20th Century and Contemporary, Books, Museums/Exhibits, Painting

Date, Place, Time: On Kawara’s Concepts

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1 August 2011 2 August 2011 3 August 2011 4 August 2011 5 August 2011 6 August 2011 7 August 2011 8 August 2011 9 August 2011 10 August 2011 11 August 2011 12 August 2011 13 August 2011 14 August 2011 15 August 2011 16 August 2011

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17 August 2011 18 August 2011 19 August 2011 20 August 2011 21 August 2011 22 August 2011 23 August 2011 24 August 2011 25 August 2011 26 August 2011 27 August 2011 28 August 2011 29 August 2011 30 August 2011 31 August 2011

Every image that Japanese conceptual artist On Kawara paints would make sense outside of the context of art. On the surface, they are simply numbers, letters, dates, maps and routes, first names and surnames, and newspaper clippings. They could have come from day planners, calendars, scrapbooks, or rosters. In On Kawara: 10 Tableaux and 16,952 Pages, from the Dallas Museum of Art, they represent a formidable boy of work that challenges “the very idea of what it means to be alive and sentient in the world.” His best-known works are his Date Paintings, which looks exactly the way it sounds: he paints a picture of the numerical and alphabetical date of day on which he is working. If he does not finish the painting on the same day he started it, he destroys it. (No one seems to know exactly how he “destroys” it, though perhaps it is enough to know that he routinely erases an entire day’s work.)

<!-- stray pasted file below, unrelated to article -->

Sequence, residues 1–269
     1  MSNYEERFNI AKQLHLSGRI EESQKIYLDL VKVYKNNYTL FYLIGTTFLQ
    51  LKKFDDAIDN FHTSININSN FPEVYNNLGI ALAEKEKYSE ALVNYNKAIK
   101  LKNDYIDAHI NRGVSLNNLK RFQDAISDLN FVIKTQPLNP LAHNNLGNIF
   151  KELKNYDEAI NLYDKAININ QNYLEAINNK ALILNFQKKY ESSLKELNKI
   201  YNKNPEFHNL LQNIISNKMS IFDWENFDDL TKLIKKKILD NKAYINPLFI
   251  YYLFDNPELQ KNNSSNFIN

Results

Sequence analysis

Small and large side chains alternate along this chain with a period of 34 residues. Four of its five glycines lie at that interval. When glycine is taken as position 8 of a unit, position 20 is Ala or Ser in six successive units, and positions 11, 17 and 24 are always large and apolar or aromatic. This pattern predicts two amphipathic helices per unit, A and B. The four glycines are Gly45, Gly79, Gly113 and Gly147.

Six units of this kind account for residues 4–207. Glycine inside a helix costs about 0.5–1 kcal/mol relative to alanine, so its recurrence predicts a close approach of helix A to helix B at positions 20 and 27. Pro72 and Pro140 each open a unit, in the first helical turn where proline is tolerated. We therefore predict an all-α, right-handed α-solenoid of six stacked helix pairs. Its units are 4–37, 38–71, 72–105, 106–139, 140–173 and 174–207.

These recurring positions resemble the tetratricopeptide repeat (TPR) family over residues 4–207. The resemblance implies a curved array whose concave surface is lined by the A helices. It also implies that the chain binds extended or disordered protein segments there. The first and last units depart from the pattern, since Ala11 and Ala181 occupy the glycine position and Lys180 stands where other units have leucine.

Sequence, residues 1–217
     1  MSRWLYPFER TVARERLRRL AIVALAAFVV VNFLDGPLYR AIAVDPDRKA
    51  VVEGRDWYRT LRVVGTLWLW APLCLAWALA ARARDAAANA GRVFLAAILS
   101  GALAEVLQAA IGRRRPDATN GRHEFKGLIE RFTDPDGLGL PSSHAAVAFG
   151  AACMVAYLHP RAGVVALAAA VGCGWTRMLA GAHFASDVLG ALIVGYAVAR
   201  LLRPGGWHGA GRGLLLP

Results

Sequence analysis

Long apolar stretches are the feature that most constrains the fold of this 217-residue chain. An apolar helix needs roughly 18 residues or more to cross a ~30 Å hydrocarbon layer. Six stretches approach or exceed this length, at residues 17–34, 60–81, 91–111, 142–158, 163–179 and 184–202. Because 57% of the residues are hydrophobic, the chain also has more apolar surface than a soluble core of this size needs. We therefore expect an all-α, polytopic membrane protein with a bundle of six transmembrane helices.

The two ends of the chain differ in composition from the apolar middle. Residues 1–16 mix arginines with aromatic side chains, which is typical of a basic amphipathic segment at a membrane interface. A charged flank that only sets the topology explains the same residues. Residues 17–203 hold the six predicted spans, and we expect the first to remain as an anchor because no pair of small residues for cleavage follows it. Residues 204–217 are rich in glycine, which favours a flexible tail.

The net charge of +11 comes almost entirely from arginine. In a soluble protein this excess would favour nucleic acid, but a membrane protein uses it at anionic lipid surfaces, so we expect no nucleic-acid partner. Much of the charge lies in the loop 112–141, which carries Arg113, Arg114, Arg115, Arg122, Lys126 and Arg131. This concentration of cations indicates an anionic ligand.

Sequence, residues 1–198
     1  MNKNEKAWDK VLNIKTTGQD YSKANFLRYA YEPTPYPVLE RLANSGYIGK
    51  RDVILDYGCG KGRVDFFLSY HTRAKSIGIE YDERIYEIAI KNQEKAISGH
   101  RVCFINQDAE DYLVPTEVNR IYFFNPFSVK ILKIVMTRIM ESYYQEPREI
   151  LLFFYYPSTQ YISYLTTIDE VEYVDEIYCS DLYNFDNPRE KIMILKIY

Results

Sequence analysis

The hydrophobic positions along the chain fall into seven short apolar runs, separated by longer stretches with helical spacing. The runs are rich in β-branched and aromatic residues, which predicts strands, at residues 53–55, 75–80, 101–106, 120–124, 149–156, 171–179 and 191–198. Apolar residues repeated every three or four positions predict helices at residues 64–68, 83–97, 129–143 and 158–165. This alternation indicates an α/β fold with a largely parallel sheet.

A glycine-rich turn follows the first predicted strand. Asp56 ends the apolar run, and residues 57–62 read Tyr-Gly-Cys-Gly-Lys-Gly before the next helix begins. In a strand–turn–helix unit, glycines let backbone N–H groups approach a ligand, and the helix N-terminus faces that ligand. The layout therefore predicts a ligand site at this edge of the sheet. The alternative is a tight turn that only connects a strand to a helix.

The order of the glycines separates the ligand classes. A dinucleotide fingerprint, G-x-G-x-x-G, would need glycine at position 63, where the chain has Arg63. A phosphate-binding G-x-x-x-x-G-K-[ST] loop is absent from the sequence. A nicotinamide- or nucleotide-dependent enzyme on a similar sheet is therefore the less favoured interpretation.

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Kawara dares his audience to reconsider its members’ place in time, Earth’s place in the space, the universe’s place in other dimensions, and so on. He began the Date Paintings in 1966, although one of the most important paintings from the series is the one he made a few years later, when man first walked on the moon. Once humans saw Earth as a whole, as a planet comprised of all its systems, our interpretations of our role in place and time changed forever. It is also well-documented that the 1960s were a time of reinvention in which artists began to question all beliefs and traditions in their society. By making his viewers focus on an exact date from the past, Kawara wants them to imagine all the details from that particular day rather than just generalizing about an era. Much of his work, for example, lets us know where he went and what he did on the day that he created each piece. As we consider the importance of that single day, we will find ourselves asking, “Does it matter how much time has passed?”

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